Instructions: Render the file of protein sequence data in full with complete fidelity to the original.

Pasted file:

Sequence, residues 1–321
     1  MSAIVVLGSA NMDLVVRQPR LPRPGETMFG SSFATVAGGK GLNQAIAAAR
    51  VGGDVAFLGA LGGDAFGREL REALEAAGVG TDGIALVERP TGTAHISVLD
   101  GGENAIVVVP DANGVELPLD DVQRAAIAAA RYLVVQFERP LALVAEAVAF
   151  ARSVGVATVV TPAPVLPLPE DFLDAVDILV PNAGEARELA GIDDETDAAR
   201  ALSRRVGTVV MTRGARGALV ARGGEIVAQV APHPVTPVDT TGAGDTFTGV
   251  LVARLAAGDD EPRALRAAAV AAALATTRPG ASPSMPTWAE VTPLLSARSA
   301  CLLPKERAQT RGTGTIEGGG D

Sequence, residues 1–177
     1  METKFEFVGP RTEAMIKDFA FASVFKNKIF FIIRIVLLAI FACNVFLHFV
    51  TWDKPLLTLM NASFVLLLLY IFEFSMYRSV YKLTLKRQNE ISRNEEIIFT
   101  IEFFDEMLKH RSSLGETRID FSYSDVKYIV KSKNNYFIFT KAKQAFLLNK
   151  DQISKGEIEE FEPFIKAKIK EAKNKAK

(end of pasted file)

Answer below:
Sequence, residues 1–321
     1  MSAIVVLGSA NMDLVVRQPR LPRPGETMFG SSFATVAGGK GLNQAIAAAR
    51  VGGDVAFLGA LGGDAFGREL REALEAAGVG TDGIALVERP TGTAHISVLD
   101  GGENAIVVVP DANGVELPLD DVQRAAIAAA RYLVVQFERP LALVAEAVAF
   151  ARSVGVATVV TPAPVLPLPE DFLDAVDILV PNAGEARELA GIDDETDAAR
   201  ALSRRVGTVV MTRGARGALV ARGGEIVAQV APHPVTPVDT TGAGDTFTGV
   251  LVARLAAGDD EPRALRAAAV AAALATTRPG ASPSMPTWAE VTPLLSARSA
   301  CLLPKERAQT RGTGTIEGGG D

Sequence, residues 1–177
     1  METKFEFVGP RTEAMIKDFA FASVFKNKIF FIIRIVLLAI FACNVFLHFV
    51  TWDKPLLTLM NASFVLLLLY IFEFSMYRSV YKLTLKRQNE ISRNEEIIFT
   101  IEFFDEMLKH RSSLGETRID FSYSDVKYIV KSKNNYFIFT KAKQAFLLNK
   151  DQISKGEIEE FEPFIKAKIK EAKNKAK